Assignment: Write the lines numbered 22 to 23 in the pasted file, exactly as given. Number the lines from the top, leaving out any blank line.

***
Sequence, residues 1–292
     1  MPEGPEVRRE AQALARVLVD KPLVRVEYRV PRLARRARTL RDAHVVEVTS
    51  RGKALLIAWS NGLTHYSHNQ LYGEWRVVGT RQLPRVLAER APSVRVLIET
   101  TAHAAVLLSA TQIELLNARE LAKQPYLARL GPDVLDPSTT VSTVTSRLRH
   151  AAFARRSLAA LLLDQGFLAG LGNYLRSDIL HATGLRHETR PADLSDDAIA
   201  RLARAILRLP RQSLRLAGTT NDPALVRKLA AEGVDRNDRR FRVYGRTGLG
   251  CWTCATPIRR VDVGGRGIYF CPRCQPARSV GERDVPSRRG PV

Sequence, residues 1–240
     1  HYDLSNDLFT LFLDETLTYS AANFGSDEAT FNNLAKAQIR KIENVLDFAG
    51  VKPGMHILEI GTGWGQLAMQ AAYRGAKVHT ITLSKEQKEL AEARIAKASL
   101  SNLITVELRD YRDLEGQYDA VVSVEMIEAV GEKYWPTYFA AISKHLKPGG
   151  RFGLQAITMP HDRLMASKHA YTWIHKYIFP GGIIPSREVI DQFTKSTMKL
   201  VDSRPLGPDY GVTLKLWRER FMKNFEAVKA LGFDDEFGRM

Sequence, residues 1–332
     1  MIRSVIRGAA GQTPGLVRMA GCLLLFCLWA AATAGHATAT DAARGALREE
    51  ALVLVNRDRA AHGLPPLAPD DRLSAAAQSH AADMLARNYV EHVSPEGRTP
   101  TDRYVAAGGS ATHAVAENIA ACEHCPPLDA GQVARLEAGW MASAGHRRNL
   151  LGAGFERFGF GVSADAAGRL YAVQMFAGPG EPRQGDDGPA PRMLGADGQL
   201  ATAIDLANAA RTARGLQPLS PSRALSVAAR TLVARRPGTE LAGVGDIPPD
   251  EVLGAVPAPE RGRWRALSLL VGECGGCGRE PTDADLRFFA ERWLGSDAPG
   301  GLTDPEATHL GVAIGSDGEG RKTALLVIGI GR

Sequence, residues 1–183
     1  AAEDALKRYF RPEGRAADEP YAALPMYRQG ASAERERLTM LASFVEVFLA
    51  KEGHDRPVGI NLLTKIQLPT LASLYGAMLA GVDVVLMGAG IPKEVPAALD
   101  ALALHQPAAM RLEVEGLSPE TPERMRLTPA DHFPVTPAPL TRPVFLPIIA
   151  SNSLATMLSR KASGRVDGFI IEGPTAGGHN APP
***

Sequence, residues 1–183
     1  AAEDALKRYF RPEGRAADEP YAALPMYRQG ASAERERLTM LASFVEVFLA